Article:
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The Use of LCA Method to Assess Environmental Impact of Sewage Sludge Incineration Plants

.1016/j.wasman.2004.12.008. [22] Morselli L, De Robertis C, Luzi J, Passarini F, Vassura I. Environmental impacts of waste incineration in a regional system (Emilia Romagna, Italy) evaluated from a life cycle perspective. J Hazard Mater. 2008;159:505-511. DOI: 10.1016/j.jhazmat.2008.02.047. [23] Astrup FT, Tonini D, Turconi R, Boldrin A. Life cycle assessment of thermal waste-to-energy technologies: review and recommendations. Waste Manage. 2015;37:104-115. DOI: 10.1016/j.wasman.2014.06.011. [24] Cherubini F, Bargigli S

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The Environmental Impacts of a Desktop Computer: Influence of Choice of Functional Unit, System Boundary and User Behaviour

Products on the example of Personal Computers, Deliverable 3: Short version, Data needs and data collection, Generic Modules, Environmental impacts, Impact assessment and weighting, Environmental interpretation and evaluation, May 2006 Duan H., Eugster M., Hischier R., Streicher-Porte M., Li J., Life cycle assessment study of a Chinese desktop personal computer, Science of The Total Environment , Volume 407, Issue 5, 15 February 2009, P. 1755-1764 Choi, B.; Shin, H.; Lee, S.; Hur, T., Life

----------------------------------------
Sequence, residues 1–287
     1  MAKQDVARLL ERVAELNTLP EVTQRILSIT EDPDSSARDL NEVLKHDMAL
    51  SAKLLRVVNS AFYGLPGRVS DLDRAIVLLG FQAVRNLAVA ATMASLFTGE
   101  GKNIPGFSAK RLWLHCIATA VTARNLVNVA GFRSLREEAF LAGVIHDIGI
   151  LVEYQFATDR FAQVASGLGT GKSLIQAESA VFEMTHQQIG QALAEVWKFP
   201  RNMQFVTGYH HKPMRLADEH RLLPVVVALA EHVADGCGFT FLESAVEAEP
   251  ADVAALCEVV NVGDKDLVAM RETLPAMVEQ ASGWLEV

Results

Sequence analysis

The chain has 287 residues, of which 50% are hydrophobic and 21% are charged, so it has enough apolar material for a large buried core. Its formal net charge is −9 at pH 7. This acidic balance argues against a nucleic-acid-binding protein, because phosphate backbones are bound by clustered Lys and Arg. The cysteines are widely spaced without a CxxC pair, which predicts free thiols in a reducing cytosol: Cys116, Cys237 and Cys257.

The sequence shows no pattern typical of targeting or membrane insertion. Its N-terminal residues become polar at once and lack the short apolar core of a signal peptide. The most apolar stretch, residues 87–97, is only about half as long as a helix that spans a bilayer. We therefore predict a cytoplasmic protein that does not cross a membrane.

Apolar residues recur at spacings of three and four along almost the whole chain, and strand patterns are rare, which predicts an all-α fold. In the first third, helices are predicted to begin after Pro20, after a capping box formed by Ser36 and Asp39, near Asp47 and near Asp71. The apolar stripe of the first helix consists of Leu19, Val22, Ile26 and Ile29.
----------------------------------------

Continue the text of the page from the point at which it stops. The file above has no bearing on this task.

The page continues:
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Application of Environmental Information Systems in Environmental Impact Assessment (in Hungary)

REFERENCES A rgent , R.M. – P erraud , J.M. – R ahman , J.M. – G rayson , R.B. – P odger , G.M. (2009): A new approach to water quality modelling and environmental decision support systems. Environmental Modelling & Software 24 (7): 809–818. B arker , A. – W ood , C. (1999): An evaluation of EIA system performance in eight EU countries. Environmental Impact Assessment Review 19: 387–404. B arthel , R. – J anisch , S. – S chwarz , N. – T rifkovic , A. – N ickel , D. – S chulz , C. – M auser , W. (2008): An integrated modelling framework for